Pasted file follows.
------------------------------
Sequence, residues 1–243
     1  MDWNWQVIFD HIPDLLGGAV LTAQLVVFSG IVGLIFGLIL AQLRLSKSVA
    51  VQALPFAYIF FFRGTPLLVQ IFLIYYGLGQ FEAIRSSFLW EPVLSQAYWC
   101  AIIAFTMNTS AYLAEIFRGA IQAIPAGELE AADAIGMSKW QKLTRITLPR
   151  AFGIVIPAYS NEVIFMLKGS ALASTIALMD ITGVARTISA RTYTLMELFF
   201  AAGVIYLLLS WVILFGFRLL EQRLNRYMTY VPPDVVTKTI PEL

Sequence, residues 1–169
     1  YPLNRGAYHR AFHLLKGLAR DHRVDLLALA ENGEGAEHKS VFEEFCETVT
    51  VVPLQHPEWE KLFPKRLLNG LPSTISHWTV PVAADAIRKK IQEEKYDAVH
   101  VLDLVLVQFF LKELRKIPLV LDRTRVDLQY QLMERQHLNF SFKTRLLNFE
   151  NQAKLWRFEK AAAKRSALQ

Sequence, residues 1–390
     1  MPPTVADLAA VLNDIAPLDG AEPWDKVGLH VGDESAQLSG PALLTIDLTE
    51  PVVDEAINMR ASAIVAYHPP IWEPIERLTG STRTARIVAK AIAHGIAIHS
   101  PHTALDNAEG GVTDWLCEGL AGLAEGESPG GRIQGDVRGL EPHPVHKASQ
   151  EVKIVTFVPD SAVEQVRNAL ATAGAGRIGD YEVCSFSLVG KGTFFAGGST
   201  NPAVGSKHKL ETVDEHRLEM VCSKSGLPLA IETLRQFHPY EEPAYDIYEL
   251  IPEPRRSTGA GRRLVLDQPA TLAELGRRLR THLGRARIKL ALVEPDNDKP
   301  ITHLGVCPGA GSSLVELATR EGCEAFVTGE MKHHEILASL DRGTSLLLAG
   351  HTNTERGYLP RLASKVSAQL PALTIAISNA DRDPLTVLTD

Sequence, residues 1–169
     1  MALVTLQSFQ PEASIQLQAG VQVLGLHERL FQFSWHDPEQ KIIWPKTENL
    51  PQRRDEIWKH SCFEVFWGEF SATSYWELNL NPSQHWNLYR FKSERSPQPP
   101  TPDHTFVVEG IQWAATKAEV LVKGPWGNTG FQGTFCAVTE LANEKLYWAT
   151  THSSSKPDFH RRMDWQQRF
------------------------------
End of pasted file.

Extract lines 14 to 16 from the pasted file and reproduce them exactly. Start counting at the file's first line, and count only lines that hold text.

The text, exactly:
    51  PVVDEAINMR ASAIVAYHPP IWEPIERLTG STRTARIVAK AIAHGIAIHS
   101  PHTALDNAEG GVTDWLCEGL AGLAEGESPG GRIQGDVRGL EPHPVHKASQ
   151  EVKIVTFVPD SAVEQVRNAL ATAGAGRIGD YEVCSFSLVG KGTFFAGGST